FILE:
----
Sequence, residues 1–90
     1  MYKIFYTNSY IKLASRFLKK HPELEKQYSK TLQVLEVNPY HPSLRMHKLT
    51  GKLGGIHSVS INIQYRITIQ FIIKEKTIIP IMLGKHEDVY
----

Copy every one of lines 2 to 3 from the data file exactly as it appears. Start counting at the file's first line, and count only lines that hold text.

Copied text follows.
     1  MYKIFYTNSY IKLASRFLKK HPELEKQYSK TLQVLEVNPY HPSLRMHKLT
    51  GKLGGIHSVS INIQYRITIQ FIIKEKTIIP IMLGKHEDVY